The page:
The Gulf of Mexico oil spill is like a bleeding wound that can't be stanched, threatening to drain the economic life of the region. For the folks who live in its wake, two words that frequently come to mind--besides anger and sadness--are uncertainty and moratorium.
Specifically, they worry about the potential economic impact from the Obama administration's proposed six-month moratorium on deepwater drilling projects in more than 500 feet of water. That measure was rejected by a U.S. District Court judge in June, but the government is appealing that decision.
"When I ask people down there what they're most concerned about, they say the uncertainty of the drilling moratorium more than the immediate impact of the oil spill," says Jude Boudreaux, director of financial planning at Bellingrath Wealth Management in New Orleans.
Boudreaux grew up in Lockport, a town of 2,600 people roughly an hour south of New Orleans, and still has family and friends there. He says folks on the bayou aren't sure what to do because there's still too much uncertainty regarding the drilling moratorium, the $20 billion oil-spill fund created to compensate Gulf Coast oil victims, and the ultimate environmental damage and its potential impact on the region's fishing industry and way of life.
"I don't know what good advice I can give anybody down there," Boudreaux says. "There's nothing really profound I can tell people until we really know what'll happen from a settlement standpoint. At least with [Hurricane] Katrina there was a lot of pro bono work to be done to help people file for claims. With flood insurance, there was a playbook."
Boudreaux cites the $20 billion compensation fund as an example of the prevailing uncertainty caused by the oil spill. "My concern is that a lot of people down there do a lot of cash business and might not have receipts to prove past sales numbers," he says. "A lot of business is done on handshakes and trust on the bayou."
Boudreaux says the millionaire-next-door syndrome applies to a number of people in southern Louisiana thanks to the regional economy's twin pillars--oil and gas, and fishing. "There might be second or third generation family businesses and they run a couple of boats. It might not look like much because they aren't showy about their money. There is some substantial wealth down there, but it's a different kind of world. The concern is whether those jobs and a way of life will go away."
John Sirois, a financial planner with Raymond James in Houma, La., worries that the drilling moratorium would slam the finances of Terrebonne and Lafourche parishes, along with local governments in the region. Houma is home to a lot of oil and gas drilling-related operations, from large players such as BP, Schlumberger and Halliburton to numerous small- to mid-sized local companies that furnish goods and services to the offshore industry.
Sirois says one of his clients, who owns a pipeline company, told him he's worried because some of his customers are getting behind in their payments and he has about $60 million in overhead to service.
Recently, Sirois got a call from a client referral--a "high-end" BP employee--who wasn't planning to retire for another few years but is now concerned that his pension would be affected if the company files for bankruptcy. He's meeting with Sirois to discuss his options, including early retirement.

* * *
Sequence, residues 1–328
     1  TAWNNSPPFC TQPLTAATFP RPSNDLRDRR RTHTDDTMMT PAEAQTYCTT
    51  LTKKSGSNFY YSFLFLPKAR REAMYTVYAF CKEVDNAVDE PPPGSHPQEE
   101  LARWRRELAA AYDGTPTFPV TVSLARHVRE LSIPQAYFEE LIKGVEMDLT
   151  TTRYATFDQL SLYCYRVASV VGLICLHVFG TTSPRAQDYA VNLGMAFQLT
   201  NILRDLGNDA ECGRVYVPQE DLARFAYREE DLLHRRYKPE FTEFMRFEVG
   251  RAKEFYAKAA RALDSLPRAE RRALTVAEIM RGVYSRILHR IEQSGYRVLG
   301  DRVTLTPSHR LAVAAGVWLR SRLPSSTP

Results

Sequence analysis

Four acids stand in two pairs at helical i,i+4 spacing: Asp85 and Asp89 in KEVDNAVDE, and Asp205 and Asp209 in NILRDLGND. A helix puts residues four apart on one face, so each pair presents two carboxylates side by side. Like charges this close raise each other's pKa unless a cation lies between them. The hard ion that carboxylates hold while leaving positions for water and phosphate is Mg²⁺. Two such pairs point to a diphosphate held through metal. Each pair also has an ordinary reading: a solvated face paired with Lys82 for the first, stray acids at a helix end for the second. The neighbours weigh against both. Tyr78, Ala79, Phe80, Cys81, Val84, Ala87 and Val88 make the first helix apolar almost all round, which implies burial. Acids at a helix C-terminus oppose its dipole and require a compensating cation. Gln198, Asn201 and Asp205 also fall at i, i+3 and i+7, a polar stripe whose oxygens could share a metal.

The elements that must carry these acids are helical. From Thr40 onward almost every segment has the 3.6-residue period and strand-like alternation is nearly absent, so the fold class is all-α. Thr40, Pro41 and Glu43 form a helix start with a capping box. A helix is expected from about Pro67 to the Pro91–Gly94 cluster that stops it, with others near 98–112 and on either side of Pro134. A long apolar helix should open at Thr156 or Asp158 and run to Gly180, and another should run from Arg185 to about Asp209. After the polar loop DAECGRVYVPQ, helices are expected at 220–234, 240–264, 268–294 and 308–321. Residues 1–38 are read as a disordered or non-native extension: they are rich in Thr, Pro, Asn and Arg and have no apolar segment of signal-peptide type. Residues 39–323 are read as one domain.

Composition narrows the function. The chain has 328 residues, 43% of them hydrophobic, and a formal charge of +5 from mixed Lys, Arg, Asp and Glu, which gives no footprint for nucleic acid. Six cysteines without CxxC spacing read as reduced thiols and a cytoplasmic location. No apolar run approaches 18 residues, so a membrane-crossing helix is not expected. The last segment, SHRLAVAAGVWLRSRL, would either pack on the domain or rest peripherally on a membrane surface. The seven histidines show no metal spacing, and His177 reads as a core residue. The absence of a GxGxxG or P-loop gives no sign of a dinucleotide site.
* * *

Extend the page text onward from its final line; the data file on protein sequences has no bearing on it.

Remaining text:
The pension lump sum or annual pension will be greater if he retires later, Sirois says, but the flip side is there's no guarantee the pension will be there in a few years.
"We've heard horror stories about the airline and other industries where pensions were decimated," Sirois says.
Ultimately, the oil spill's impact could be broad. According to a Wall Street Journal article, it's estimated there will be 16,500 fewer jobs in the fourth quarter along the five Gulf states due to the spill.
The Gulf of Mexico Alliance, a partnership of the five Gulf Coast states, says the region contributes $3 billion annually to the U.S. economy. That includes more than 40% of the nation's domestically-produced crude oil and natural gas, as well as roughly 70% of U.S.-caught shrimp and oysters.
In addition, the Mississippi basin provides food, shelter and breeding grounds for about 40% of North America's duck, geese, swan, and eagle populations, according to the alliance. And it's also the winter home for much of the continent's waterfowl.
Brad Fortier, a financial planner affiliated with LPL Financial Inc. in New Orleans, says the Deepwater Horizon rig disaster reaffirms the point that the nation's reliance on oil has a price. "We in southern Louisiana know it as much as anyone, and that price is drilling risks and the potential impact on our wetlands," he says.
Fortier, an avid fisherman, worries that the oil spill could mean paradise lost for the thriving sportsman's culture along the coast. He also believes it's a macro event whose effects are being felt beyond the shoreline and marshes.
"New Orleans is a tourist-based economy that's vulnerable to events like this," Fortier says.
From a financial planning perspective, Fortier says the oil spill provides an opportunity to reassess the inevitability of risk in life. After Katrina, he says he learned that many of his clients didn't have flood insurance. "I assumed my clients had some of those insurance needs met by other experts they work with," he says.
Fortier says one of the lessons from the Gulf oil spill is that some of his clients could use business interruption insurance.